Posts tagged NYC
Posts tagged NYC
This fall, New York City becomes the first city in the nation to tackle the issue of girls’ self-esteem and body image. Recognizing that girls as young as 6 and 7 are struggling with body image and self-esteem, (over 80% of 10-year-old girls are afraid of being fat and by middle school, 40-70% of girls are dissatisfied with two or more parts of their body), New York City is launching a self-esteem initiative to help girls believe their value comes from their character, skills, and attributes – not appearance.
Oh, hello, my beautiful borough.
Ok, guys, I’m assembling an NYC food giveaway.
Products I have in line to give away so far:
Help me out with suggestions!
Good afternoon, Tumblr! Not much here except drinking good beer on the roof of the Metropolitan Museum of Art in the greatest city in the world with the coolest roommate ever. It’s good to be alive!
I just interviewed this woman about how she started an amazing Mexican artisan shop in the East Village. She has an incredible story.
I talked to her like we were old pals for two hours. Now I’m sitting on the patio of a coffee shop writing my whole story in a moleskin while sipping an Americano. In New York City. Is this real life? If it’s not, I hope I never find out.
NYC Prism by The Zartorialist
"That Sinking Feeling," part 1 in a series of vignettes/flash fiction about New York City.
Nothing ever happens quite the way it is expected to out here. Take subway watching: the metallic, caterwauling arm of the working world and those finding the overwhelming affluence of the Upper West barely—or entirely—unavailable, it rattles into the station opposite the idle car downtown commuters find themselves in. With a jolt, this resting train to Midtown and beyond runs the opposite direction, and it’s like falling out of a dream, waking up twitching and confused in the same place they were before distracted by their own slumber.
This feeling happens all the time, every day, to everyone far more than once. This city is flooded with that frenetic continuity, like water rushing to the necks of everyone brave enough to go outside until they are wading into a riptide, forgetting to breathe as they try to salvage cases full of bad memories, old habits and the vaguest glimmer of survival like a couple of dimes in a Financial District gutter.
This pristine, gray monolith has been ransacking youth and anyone with a penchant deep enough for desperation or a bump of coke since it clamored up from the shambles. It’s been housing petty miscreants and the “undesirables” ever since people of the world heard that Lady Liberty said something about huddled masses.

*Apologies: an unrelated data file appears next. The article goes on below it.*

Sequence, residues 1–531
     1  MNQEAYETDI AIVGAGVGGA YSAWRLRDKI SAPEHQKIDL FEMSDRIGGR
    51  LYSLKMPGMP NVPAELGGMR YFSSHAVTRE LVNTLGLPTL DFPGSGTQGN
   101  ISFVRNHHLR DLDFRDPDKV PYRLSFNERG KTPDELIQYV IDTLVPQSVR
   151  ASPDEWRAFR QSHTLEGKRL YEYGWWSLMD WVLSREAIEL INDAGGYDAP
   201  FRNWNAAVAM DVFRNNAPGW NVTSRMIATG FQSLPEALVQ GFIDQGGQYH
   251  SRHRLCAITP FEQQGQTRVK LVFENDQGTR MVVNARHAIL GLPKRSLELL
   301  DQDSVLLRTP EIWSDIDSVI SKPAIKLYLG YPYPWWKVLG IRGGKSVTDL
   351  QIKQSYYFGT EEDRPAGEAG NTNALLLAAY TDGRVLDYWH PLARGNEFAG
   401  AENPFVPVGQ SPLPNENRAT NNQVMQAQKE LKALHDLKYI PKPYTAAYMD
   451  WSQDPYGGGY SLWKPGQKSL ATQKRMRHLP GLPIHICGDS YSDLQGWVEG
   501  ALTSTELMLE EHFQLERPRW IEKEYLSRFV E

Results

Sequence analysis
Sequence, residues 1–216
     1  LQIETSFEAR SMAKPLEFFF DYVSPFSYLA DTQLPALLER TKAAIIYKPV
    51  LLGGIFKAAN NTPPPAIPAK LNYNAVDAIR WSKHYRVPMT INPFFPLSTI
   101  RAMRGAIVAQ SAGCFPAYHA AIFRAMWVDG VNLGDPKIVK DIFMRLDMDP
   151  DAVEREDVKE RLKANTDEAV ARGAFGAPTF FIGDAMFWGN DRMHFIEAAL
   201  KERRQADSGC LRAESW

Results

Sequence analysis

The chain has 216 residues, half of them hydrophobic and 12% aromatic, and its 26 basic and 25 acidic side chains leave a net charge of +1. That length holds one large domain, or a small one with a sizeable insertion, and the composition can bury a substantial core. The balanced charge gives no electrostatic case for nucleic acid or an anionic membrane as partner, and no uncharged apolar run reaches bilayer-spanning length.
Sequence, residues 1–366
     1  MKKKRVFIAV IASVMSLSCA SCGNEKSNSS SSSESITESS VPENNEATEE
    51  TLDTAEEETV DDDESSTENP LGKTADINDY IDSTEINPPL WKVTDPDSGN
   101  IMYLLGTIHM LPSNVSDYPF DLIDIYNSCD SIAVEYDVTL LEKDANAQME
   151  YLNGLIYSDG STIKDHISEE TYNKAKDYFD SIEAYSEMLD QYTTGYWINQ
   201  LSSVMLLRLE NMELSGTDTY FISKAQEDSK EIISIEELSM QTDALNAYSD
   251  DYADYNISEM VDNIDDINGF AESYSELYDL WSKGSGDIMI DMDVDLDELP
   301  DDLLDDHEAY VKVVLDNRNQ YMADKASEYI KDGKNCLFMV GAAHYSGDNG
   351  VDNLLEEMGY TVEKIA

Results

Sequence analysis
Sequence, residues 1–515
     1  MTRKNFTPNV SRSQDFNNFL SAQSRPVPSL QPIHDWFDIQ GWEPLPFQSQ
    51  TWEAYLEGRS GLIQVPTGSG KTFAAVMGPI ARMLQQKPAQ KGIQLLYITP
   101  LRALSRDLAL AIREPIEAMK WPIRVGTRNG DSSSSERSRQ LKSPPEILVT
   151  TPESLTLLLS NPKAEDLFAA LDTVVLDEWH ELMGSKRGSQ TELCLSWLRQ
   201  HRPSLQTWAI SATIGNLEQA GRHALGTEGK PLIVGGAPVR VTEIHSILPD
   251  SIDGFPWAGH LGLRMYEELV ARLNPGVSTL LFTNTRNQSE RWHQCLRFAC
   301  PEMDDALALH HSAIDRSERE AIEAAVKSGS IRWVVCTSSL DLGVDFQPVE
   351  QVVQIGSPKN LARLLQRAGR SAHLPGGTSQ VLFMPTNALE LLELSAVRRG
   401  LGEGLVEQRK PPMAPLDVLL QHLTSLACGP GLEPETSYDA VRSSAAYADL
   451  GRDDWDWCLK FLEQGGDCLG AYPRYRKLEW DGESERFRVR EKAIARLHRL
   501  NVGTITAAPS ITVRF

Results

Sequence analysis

Huddled, though, implies a flock-like travel between its denizens, but if it’s one thing that it teaches them, it’s how to be lonely and how to live off it—similar to how it forces people to think smart about where they’re getting their next beer. There’s something about that deadening skyline—a bombardment of light and faint sounds someone could recognize even while trapped in the wilds of Jersey—that inspires the most primal bouts of lust and happiness as it’s slowly shrouded by an impending winter, and the streets and residents grow colder than a dead man dropped into the gaping mouth of the Hudson with a poisonous melancholy.
People here, though, have that one saving grace: They dream. Sometimes they get stuck—and some never get out. Sometimes they don’t sleep long enough, sometimes they don’t remember when they wake up, and ultimately, it’s part of that lonesome walk into the riptide holding ratty suitcases over their heads, but they still dream. Dreams in New York usually start when the sun sets and doesn’t get into REM until about 11. These are the kinds of dreams that quicken and become more tangible like the daylight itself. It all ends so abruptly, like the kind of nightmare that stirs the sleeper awake in a cold sweat, but something about it leaves them in a pleasant euphoria bereft of context. It’s fragmented, and the only reference point is falling out of a taxi, the neck-high floodwaters pushing someone out into the street, clutching a fistful of crumpled $1s and slurring about “having everything.” Of course they always have everything, even things as unattainable as the Upper West. If it is to be had, it’s here—if only just in a falling dream.
By Megan T.,